Shop now Shop now Shop now  Up to 50% Off Fashion  Shop all Amazon Fashion Cloud Drive Photos Shop now Learn More Shop now Shop now Shop Fire Shop Kindle Shop now Shop now Shop now

Customer Reviews

4.1 out of 5 stars19
4.1 out of 5 stars
Your rating(Clear)Rate this item


There was a problem filtering reviews right now. Please try again later.

on 4 January 2013
"Navel Gazing" makes you realize that all women-- whether "overweight", "normal", or "thin"-- have the same experiences. We all poke and prod our fat (and acne and frizzy hair and all external "flaws") and fantasize about waking up to find that it has miraculously disappeared. We all compare ourselves to other individuals and assume that strangers on the street are judging us based on self-imposed flaws, external or internal.

The honesty and bravery with which Putnam relays her story encourages readers to reflect upon their barriers with the same honesty (and the less brave readers to consider reflection before postponing, because they realize that they've been so engrossed in the book that it is now 3AM and they have to go to bed).

I would recommend this book to all my female friends. Even if you don't personally have issues with weight, the themes of self-consciousness/hatred, the cycles of strength and defeat, and the search for love and acceptance are universal.
0Comment|4 people found this helpful. Was this review helpful to you?YesNoReport abuse
on 25 January 2013
I enjoyed understanding the controversy surrounding 'fatness' from a large person's point of view. I'm a naturally thin person and I was interested in the reasons behind why people choose gastric bypasses over basic exercise and limiting food intake. I was surprised by how desperate Anne was to jump down the surgery route and that really opened my eyes to how labelled an overweight person is just on how much they weigh.

I felt that the majority of the book was repetitive and if I didn't already know she hated her fat from the first page, I definately knew about it by page 300. The only thing I thought was frustrating was that Anne seemed so blinded by her own body, that she didn't realise that every single person in the world has something they hate/dislike about themselves. I related to her body image issues, as a thin person, as a teenager, as a young woman. The fat just seems to be an excuse as to why she felt that way, instead of opening her own eyes to the rest of the world (which she has so extensively travelled).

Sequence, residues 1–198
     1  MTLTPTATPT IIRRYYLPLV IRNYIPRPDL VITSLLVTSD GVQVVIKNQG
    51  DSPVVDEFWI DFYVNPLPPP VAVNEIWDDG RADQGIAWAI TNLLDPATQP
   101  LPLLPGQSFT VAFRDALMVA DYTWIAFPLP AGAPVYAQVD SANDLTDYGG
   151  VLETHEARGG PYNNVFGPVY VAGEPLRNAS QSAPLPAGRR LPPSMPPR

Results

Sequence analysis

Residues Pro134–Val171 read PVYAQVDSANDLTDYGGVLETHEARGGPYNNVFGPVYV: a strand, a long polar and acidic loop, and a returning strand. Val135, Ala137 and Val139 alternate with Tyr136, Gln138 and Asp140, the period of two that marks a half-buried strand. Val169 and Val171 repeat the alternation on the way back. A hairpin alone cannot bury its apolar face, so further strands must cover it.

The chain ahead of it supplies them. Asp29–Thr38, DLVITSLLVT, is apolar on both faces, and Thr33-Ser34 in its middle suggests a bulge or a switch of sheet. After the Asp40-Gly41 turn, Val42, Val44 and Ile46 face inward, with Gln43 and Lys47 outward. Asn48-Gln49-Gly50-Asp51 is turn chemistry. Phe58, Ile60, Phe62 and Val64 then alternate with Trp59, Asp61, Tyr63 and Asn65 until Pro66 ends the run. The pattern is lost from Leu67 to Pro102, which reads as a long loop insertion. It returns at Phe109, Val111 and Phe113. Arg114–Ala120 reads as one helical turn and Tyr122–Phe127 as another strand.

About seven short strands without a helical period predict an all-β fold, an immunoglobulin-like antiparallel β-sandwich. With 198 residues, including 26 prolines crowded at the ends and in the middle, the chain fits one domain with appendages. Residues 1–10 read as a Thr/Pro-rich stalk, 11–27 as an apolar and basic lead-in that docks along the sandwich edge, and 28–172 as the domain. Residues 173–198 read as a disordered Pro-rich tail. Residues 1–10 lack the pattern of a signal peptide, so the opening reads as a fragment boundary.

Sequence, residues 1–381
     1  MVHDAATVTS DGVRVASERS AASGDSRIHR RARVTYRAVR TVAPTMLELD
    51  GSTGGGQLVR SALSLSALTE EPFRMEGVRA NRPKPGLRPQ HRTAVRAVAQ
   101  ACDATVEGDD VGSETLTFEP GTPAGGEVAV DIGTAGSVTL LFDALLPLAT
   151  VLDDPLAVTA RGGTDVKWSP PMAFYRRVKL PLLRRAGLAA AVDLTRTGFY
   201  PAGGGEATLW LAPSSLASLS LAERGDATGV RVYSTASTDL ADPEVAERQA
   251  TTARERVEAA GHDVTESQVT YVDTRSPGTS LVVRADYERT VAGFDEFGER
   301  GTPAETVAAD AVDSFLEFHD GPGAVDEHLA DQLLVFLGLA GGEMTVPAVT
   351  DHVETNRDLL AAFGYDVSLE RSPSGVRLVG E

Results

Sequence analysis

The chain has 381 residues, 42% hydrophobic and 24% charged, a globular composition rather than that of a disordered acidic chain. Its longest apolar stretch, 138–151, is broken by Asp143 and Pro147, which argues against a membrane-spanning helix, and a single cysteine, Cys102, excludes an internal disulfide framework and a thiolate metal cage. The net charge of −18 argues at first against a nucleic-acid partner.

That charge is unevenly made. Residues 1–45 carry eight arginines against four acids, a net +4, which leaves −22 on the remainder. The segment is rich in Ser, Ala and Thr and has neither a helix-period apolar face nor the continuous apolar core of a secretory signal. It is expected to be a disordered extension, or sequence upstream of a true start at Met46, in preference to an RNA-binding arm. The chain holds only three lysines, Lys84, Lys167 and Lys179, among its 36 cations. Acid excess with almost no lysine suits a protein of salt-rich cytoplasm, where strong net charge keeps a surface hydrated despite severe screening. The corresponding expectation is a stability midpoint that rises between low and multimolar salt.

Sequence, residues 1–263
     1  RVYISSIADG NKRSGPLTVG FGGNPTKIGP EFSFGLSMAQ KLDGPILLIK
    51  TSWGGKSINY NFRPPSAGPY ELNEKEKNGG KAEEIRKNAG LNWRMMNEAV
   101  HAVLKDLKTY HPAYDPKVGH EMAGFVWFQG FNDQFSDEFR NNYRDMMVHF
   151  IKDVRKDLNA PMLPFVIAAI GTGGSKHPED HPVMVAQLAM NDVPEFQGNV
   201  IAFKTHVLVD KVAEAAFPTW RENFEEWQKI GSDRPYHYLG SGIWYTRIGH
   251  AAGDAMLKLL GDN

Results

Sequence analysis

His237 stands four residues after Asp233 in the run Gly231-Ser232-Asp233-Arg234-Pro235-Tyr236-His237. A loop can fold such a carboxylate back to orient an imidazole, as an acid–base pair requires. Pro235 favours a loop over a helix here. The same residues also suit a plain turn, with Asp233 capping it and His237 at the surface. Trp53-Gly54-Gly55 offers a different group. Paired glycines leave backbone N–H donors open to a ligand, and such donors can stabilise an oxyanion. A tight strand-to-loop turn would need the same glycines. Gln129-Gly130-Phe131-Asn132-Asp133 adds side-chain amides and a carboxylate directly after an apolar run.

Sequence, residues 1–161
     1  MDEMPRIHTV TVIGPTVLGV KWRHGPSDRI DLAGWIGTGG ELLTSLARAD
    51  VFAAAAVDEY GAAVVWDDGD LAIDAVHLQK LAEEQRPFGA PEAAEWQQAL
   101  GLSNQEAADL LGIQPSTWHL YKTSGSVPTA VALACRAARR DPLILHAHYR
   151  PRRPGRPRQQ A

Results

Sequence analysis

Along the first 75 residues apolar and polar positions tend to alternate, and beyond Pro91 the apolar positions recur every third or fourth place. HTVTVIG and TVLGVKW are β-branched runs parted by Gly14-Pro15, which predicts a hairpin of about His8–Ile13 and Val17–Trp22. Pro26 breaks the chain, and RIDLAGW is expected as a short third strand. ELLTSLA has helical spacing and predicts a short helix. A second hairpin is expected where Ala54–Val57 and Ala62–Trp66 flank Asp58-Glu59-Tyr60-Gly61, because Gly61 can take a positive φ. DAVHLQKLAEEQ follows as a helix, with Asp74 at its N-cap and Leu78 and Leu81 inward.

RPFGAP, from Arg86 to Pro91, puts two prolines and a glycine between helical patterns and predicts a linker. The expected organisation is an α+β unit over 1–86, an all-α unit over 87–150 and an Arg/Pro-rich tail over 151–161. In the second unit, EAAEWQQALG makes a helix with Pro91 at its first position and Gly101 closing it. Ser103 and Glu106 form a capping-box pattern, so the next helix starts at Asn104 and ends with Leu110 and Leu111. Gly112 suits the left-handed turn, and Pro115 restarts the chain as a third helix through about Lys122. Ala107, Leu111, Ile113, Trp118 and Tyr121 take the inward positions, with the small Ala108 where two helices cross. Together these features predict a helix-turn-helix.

Having said that, towards the end, when she finds her lovely boyfriend and her eyes do seem to start opening and her internal voice that deems her unattractive starts getting beaten down by other people's love of her for who she is, it's a really great part of the book. I loved reading that her self loathing was beginning to turn into self doubt about her stubborn attitude towards herself. And I hope that anyone who reads this and is in the same mental situation as Anne at any part of a GB process can use this and feel like they're not alone and people are all different shapes and sizes and it doesn't really matter because there's always someone out there who will love you for who you are whatever you look like.